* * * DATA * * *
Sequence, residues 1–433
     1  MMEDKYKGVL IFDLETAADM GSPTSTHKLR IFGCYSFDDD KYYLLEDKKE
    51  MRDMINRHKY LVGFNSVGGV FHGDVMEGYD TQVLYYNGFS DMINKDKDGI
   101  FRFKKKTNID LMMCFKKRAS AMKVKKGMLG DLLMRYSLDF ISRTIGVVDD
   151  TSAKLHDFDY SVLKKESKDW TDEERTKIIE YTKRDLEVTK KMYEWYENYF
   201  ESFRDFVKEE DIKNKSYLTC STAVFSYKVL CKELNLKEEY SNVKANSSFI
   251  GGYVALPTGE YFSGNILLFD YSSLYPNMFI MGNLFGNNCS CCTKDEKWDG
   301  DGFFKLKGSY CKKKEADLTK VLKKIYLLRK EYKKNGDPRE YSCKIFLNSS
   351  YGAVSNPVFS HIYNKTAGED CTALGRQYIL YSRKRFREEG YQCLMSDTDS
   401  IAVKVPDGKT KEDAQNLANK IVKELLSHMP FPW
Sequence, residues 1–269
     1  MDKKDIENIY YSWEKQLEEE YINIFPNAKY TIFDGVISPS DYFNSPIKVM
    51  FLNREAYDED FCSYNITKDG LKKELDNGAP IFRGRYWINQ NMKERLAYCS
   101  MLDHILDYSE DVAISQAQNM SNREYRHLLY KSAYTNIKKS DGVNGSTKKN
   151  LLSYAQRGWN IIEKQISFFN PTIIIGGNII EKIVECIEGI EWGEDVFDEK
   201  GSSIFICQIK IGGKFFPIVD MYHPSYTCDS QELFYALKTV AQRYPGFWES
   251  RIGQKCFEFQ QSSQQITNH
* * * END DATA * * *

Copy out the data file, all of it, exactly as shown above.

Sequence, residues 1–433
     1  MMEDKYKGVL IFDLETAADM GSPTSTHKLR IFGCYSFDDD KYYLLEDKKE
    51  MRDMINRHKY LVGFNSVGGV FHGDVMEGYD TQVLYYNGFS DMINKDKDGI
   101  FRFKKKTNID LMMCFKKRAS AMKVKKGMLG DLLMRYSLDF ISRTIGVVDD
   151  TSAKLHDFDY SVLKKESKDW TDEERTKIIE YTKRDLEVTK KMYEWYENYF
   201  ESFRDFVKEE DIKNKSYLTC STAVFSYKVL CKELNLKEEY SNVKANSSFI
   251  GGYVALPTGE YFSGNILLFD YSSLYPNMFI MGNLFGNNCS CCTKDEKWDG
   301  DGFFKLKGSY CKKKEADLTK VLKKIYLLRK EYKKNGDPRE YSCKIFLNSS
   351  YGAVSNPVFS HIYNKTAGED CTALGRQYIL YSRKRFREEG YQCLMSDTDS
   401  IAVKVPDGKT KEDAQNLANK IVKELLSHMP FPW
Sequence, residues 1–269
     1  MDKKDIENIY YSWEKQLEEE YINIFPNAKY TIFDGVISPS DYFNSPIKVM
    51  FLNREAYDED FCSYNITKDG LKKELDNGAP IFRGRYWINQ NMKERLAYCS
   101  MLDHILDYSE DVAISQAQNM SNREYRHLLY KSAYTNIKKS DGVNGSTKKN
   151  LLSYAQRGWN IIEKQISFFN PTIIIGGNII EKIVECIEGI EWGEDVFDEK
   201  GSSIFICQIK IGGKFFPIVD MYHPSYTCDS QELFYALKTV AQRYPGFWES
   251  RIGQKCFEFQ QSSQQITNH